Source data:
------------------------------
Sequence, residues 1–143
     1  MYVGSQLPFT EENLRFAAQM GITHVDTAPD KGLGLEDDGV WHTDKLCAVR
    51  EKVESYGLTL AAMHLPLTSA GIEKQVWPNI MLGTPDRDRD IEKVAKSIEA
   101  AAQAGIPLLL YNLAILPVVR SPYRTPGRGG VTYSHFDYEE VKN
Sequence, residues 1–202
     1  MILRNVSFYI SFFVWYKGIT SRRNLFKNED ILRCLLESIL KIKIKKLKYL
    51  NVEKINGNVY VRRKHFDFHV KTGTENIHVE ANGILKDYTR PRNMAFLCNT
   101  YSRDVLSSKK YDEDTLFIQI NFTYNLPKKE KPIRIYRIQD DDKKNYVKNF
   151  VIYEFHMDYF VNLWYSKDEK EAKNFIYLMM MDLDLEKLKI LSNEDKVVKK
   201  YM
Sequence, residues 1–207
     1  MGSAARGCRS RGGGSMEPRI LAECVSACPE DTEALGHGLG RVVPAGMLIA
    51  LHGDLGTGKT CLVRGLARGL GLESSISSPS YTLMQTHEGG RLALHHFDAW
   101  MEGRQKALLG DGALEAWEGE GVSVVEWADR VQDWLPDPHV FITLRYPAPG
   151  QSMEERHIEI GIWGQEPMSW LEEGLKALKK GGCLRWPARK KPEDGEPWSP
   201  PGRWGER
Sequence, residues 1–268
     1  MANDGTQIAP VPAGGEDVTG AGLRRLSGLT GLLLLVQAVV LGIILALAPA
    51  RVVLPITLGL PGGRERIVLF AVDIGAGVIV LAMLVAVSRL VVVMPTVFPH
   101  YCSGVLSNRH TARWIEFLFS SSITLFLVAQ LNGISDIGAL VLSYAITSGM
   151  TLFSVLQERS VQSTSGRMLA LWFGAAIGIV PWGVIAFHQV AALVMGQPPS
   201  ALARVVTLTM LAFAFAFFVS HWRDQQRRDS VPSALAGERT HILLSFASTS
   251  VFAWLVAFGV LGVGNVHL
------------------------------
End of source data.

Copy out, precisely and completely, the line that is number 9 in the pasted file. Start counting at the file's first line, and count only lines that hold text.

   151  VIYEFHMDYF VNLWYSKDEK EAKNFIYLMM MDLDLEKLKI LSNEDKVVKK